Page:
spectrum many lines coincident in position with those which these metals would produce; and this hypothesis is greatly strengthened by our knowledge of the remarkable distinctiveness of the particular line of characters observed. But such a fortification of hypothesis is of a deductive kind, and hypothesis may still be probable when such reinforcement is wanting.
There is no greater nor more frequent mistake in practical logic than to suppose that things which resemble one another strongly in some respects are any the more likely for that to be alike in others. That this is absolutely false, admits of rigid demonstration; but, inasmuch as the reasoning is somewhat severe and complicated (requiring, like all such reasoning, the use of A, B, C, etc., to set it forth), the reader would probably find it distasteful, and I omit it. An example, however, may illustrate the proposition: The comparative mythologists occupy themselves with finding points of resemblance between solar phenomena and the careers of the heroes of all sorts of traditional stories; and upon the basis of such resemblances they infer that these heroes are impersonations of the sun. If there be anything more in their reasonings, it has never been made clear to me. An ingenious logician, to show how futile all that is, wrote a little book, in which he pretended to prove, in the same manner, that Napoleon Bonaparte is only an impersonation of the sun. It was really wonderful to see how many points of resemblance he made out. The truth is, that any two things resemble one another just as strongly as any two others, if recondite resemblances are admitted. But, in order that the process of making an hypothesis should lead to a probable result, the following rules must be followed:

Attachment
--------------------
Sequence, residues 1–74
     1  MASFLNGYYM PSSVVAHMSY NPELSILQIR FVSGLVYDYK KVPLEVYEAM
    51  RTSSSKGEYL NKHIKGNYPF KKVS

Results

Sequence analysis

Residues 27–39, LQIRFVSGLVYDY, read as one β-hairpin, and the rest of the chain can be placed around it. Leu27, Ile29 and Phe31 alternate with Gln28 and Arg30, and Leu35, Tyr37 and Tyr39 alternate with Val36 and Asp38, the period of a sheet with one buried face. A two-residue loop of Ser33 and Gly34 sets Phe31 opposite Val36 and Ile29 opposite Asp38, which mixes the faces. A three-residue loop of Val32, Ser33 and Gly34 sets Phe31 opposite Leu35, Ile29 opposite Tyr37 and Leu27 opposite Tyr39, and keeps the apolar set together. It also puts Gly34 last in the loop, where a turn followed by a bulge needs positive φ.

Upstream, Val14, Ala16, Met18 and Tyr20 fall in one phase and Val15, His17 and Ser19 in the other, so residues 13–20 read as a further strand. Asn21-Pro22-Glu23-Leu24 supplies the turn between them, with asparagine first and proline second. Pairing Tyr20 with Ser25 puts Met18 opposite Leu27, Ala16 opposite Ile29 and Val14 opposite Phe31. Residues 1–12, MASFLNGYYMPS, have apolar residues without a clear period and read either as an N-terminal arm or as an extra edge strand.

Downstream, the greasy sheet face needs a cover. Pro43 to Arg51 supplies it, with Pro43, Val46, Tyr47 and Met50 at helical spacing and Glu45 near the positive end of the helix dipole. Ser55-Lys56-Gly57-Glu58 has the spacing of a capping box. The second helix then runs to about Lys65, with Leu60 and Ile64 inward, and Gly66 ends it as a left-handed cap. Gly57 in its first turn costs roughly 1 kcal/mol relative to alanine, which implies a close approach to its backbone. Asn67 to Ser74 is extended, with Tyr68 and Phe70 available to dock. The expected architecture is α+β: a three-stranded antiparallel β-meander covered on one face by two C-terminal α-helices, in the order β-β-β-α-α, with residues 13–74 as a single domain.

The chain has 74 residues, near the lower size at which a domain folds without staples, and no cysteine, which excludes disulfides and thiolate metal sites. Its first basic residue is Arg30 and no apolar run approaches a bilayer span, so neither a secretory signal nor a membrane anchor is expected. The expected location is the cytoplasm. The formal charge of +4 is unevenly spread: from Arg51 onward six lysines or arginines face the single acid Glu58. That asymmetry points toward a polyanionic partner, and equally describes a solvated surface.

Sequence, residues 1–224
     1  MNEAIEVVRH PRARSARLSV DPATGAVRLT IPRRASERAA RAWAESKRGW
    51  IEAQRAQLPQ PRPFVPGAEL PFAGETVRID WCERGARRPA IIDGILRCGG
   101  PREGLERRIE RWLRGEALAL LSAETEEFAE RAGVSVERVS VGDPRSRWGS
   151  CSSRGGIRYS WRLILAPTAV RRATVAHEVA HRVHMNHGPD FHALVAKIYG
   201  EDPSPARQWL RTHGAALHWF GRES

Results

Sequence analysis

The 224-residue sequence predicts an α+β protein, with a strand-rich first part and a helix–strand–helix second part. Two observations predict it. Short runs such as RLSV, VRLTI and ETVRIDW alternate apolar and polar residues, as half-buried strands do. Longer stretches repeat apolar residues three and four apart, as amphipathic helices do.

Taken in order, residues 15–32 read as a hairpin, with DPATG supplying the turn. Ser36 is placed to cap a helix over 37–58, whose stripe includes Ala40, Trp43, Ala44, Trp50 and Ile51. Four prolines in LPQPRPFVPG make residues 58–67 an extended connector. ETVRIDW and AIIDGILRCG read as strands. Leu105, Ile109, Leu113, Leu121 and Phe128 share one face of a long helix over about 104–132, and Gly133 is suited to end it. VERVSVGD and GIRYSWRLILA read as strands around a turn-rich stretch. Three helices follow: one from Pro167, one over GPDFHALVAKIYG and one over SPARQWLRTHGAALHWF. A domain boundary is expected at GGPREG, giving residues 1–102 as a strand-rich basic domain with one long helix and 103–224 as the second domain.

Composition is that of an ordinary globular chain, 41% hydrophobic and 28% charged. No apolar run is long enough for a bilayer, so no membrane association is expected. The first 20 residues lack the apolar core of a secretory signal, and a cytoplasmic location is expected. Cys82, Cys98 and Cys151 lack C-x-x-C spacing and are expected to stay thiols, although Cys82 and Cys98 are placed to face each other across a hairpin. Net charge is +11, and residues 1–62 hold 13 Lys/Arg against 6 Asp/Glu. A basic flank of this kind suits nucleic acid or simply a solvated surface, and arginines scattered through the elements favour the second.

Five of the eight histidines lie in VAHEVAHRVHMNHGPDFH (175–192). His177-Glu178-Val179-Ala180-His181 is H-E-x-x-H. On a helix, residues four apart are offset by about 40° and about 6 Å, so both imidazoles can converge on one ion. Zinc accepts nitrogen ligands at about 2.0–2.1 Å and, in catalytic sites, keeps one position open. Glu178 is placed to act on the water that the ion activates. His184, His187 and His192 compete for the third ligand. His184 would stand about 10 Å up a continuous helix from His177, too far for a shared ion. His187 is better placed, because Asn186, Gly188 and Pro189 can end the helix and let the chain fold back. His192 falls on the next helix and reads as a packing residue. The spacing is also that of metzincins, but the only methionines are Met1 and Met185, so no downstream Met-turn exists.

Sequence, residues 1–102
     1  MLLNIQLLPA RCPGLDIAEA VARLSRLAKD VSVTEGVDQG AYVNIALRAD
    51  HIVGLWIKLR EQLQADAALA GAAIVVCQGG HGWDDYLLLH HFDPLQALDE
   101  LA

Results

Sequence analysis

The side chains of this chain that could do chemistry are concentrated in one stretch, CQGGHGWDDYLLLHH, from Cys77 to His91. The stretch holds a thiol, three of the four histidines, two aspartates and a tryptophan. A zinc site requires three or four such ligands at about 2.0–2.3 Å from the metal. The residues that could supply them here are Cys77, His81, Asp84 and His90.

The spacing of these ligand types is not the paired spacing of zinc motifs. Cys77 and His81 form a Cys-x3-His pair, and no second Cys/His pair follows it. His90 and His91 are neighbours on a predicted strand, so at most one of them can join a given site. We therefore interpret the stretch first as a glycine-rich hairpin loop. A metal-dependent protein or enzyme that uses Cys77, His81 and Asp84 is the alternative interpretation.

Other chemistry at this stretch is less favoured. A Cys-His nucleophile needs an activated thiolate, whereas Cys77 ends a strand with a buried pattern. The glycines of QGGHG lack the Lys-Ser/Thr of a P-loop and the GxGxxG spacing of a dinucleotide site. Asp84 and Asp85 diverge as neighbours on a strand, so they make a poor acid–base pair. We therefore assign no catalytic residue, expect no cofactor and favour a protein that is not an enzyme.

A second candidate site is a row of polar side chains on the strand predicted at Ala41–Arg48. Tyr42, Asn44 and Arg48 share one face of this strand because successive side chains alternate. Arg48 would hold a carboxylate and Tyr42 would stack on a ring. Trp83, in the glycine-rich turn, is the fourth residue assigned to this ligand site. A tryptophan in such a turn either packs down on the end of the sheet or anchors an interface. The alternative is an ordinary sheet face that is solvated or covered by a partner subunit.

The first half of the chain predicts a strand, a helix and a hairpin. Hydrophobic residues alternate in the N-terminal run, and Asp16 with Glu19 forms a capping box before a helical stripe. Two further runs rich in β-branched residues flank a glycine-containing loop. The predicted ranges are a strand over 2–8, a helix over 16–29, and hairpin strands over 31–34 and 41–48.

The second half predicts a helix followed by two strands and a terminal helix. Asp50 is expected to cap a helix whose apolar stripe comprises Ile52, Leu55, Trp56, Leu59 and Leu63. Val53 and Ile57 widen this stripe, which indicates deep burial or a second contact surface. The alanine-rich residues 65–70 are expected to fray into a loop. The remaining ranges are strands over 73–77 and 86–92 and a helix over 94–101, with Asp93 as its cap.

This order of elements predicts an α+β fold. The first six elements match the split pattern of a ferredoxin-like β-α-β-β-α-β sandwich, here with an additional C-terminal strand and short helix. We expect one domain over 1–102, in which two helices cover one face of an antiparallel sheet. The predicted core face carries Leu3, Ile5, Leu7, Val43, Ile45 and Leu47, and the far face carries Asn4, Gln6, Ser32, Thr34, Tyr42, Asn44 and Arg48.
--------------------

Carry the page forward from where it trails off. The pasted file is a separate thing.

1. The hypothesis should be distinctly put as a question, before making the observations which are to test its truth. In other words, we must try to see what the result of predictions from the hypothesis will be.
2. The respect in regard to which the resemblances are noted must be taken at random. We must not take a particular kind of predictions for which the hypothesis is known to be good.
3. The failures as well as the successes of the predictions must be honestly noted. The whole proceeding must be fair and unbiased.
Some persons fancy that bias and counter-bias are favorable to the extraction of truth—that hot and partisan debate is the way to investigate. This is the theory of our atrocious legal procedure. But Logic puts its heel upon this suggestion. It irrefragably demonstrates that knowledge can only be furthered by the real desire for it, and that the methods of obstinacy, of authority, and every mode of trying to reach a foregone conclusion, are absolutely of no value. These things are proved. The reader is at liberty to think so or not as long as the proof is not set forth, or as long as he refrains from examining it. Just so, he can preserve, if he likes, his freedom of opinion in regard to the